Mairead Corrigan Maguire thought the hard part was over. Along with fellow Nobel Laureates Rigoberta Menchu of Guatemala, American landmine activist Jody Williams, and Iranian Shirin Ebadi, she had been in Guatemala, where the women had just co-hosted a three-day conference on democracy, human rights and peace that had attracted 150 female international activists.
She was probably tired and ready to get back to Belfast, where her attempts to bring about an end to The Troubles in 1976 made her at 32 the youngest Nobel Peace Prize-winner ever. Since then, she's been given the Pacem in Terris Award by Pope John Paul II, and the United Nations selected her (along with the Dalai Lama, Desmond Tutu, Jordan's Queen Noor and a dozen or so other fellow Nobel Laureates) as an honorary board member of the International Coalition for the Decade.
Unfortunately for Maguire, her flight back home to Northern Ireland was routed through Houston, where none of that meant diddly. Federal Customs officials were far less interested in any of that than they were in a box on the back of the transit form she filled out on her flight.
"They questioned me about my nonviolent protests in USA against the Afghanistan invasion and Iraqi war," Maguire said later in a statement. "They insisted I must tick the box in the Immigration form admitting to criminal activities."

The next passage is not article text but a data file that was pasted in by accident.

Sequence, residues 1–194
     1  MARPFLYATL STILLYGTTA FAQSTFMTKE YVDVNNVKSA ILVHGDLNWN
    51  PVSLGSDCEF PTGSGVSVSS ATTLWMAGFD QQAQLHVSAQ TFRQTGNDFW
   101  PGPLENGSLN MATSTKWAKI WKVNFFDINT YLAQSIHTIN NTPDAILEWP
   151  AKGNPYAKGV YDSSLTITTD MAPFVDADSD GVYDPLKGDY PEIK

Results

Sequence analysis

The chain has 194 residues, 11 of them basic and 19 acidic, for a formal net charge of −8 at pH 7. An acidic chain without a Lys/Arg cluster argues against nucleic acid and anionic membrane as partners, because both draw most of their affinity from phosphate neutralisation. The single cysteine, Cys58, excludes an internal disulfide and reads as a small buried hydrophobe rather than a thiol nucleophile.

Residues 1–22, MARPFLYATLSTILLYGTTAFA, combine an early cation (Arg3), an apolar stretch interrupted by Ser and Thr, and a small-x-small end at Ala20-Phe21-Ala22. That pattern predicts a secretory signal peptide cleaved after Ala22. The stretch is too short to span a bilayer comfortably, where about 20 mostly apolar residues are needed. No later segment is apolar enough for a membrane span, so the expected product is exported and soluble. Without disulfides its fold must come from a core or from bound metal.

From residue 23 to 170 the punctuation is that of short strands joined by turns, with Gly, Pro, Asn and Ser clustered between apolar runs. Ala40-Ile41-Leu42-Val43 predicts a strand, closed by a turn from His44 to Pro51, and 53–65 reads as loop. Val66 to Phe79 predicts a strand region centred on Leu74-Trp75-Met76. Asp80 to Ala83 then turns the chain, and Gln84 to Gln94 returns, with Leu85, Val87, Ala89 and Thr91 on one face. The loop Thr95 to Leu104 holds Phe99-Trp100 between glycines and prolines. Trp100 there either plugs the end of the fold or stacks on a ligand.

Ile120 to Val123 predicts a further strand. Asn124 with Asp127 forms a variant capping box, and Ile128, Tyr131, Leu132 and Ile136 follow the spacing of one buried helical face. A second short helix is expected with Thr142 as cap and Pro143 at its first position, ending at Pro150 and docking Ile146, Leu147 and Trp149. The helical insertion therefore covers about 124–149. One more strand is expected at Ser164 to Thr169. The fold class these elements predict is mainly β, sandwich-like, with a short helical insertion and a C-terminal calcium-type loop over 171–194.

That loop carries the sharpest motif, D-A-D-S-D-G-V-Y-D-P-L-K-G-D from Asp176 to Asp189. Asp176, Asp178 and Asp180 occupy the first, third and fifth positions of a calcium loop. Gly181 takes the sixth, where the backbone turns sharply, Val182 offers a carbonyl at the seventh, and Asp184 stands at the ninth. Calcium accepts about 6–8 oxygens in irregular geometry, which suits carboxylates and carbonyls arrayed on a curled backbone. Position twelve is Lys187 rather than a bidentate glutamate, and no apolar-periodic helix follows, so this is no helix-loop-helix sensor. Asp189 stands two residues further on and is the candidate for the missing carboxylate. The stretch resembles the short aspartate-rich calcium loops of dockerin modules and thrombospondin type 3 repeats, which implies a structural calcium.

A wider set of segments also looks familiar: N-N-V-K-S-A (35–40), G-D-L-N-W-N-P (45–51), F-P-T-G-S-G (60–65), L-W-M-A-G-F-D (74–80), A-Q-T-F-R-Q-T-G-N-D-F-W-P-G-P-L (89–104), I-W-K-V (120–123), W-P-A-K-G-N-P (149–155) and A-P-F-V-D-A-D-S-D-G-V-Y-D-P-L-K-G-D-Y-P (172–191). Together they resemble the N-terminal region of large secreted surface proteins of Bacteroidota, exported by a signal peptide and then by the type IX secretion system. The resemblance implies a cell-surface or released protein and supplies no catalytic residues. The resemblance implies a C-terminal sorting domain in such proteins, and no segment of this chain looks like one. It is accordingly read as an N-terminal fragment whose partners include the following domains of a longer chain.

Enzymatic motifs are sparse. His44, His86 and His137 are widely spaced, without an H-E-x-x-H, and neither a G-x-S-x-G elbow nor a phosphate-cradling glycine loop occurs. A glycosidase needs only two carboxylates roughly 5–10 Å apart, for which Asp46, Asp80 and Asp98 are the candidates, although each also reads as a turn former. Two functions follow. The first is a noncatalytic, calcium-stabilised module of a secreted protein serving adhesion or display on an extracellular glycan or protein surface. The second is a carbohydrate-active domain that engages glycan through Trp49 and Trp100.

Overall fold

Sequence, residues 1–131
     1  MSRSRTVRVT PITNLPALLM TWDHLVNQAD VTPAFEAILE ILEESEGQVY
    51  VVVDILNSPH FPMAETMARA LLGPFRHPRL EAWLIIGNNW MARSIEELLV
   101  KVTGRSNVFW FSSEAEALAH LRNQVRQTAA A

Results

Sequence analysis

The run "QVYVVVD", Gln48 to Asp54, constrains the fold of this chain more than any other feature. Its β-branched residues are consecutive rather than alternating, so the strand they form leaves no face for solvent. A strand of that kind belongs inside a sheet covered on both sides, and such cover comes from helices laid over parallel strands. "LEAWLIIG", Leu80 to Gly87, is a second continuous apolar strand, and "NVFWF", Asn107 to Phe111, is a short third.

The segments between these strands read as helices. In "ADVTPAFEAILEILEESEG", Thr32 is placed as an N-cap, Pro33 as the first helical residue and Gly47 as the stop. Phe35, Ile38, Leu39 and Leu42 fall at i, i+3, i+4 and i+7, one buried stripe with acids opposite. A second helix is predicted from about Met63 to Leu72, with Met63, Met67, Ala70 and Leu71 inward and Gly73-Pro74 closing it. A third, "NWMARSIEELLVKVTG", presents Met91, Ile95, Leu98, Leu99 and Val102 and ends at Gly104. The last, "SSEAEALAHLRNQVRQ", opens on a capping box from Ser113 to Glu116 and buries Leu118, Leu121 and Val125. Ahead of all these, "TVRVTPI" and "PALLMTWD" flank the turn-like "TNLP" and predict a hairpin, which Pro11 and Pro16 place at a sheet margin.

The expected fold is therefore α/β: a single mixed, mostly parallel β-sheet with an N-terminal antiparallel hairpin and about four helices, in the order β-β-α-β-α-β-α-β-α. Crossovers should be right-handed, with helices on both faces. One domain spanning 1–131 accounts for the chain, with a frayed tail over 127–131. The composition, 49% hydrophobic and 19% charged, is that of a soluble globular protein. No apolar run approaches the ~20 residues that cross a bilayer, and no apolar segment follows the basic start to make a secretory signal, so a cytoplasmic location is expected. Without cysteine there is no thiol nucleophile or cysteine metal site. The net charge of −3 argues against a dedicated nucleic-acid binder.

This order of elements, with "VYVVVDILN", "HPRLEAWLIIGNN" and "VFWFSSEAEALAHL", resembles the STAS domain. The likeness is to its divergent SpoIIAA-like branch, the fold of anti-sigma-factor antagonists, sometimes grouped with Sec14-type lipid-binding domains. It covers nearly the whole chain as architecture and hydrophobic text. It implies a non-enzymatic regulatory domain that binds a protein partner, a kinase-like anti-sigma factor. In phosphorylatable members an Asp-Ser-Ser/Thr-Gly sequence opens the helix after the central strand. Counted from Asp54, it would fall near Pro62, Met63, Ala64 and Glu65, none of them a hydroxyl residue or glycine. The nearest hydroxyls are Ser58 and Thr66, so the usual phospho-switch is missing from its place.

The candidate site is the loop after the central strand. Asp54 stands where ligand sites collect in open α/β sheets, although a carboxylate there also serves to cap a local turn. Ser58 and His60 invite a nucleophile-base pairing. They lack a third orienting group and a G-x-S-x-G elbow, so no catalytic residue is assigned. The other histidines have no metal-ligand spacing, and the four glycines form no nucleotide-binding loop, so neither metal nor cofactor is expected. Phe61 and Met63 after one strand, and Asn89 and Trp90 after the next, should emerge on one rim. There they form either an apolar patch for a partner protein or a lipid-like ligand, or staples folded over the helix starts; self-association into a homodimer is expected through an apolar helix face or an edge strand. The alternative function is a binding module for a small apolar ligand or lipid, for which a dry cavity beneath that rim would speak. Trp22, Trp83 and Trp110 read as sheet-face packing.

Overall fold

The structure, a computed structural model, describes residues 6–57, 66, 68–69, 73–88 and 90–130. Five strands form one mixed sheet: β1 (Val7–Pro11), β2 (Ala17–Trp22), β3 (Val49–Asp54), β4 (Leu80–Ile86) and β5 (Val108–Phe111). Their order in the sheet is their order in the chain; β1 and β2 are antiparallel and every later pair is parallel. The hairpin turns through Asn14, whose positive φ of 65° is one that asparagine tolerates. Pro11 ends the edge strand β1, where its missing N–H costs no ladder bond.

Maguire was detained for two hours -- grilled once, fingerprinted, photographed, and grilled again. She missed her flight home. She was only released after an organization she helped found -- the Nobel Women's Initiative -- started kicking up a fuss.
Customs spokesperson Paula Rivera confirmed the incident to Hair Balls: "When international passengers are asking for access to the United States, we rely on them to accurately complete their forms for us. If those entry forms are not completed accurately it would be a reason to have a person referred for a secondary examination."
Because of privacy issues, Rivera wouldn't tell us what it was that Maguire failed to disclose, but reading between both the official lines and Maguire's statement, it's safe to say that Maguire failed to admit to having been arrested in the United States. In May 2008, Maguire and 60 others were arrested for crossing a police line at a non-violent prayer protest outside of the White House.
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Maguire eventually admitted she was arrested, apparently, but remains defiant that she committed no crime.
"I am not a criminal, my nonviolent acts in USA opposing the war on Afghanistan, and Iraq, are acts of conscience and together with millions of USA citizens, and world citizens, I refuse to be criminalized for opposing such illegal policies," her statement read. "Every citizen has a right, indeed a moral obligation, to nonviolent civil disobedience in the face of illegal and unjust laws, especially war. If anyone is to be criminalized for these illegal and immoral policies it is the USA Government, who must be held accountable before the International community for these acts of crime against humanity."
She added that she was disappointed that this happened in "Obama's America." But then again, she was at Bush Airport, so maybe she should have expected this shabby treatment.
And hell, at least we didn't tear-gas her and clip with a rubber bullet like the Israelis did two years ago.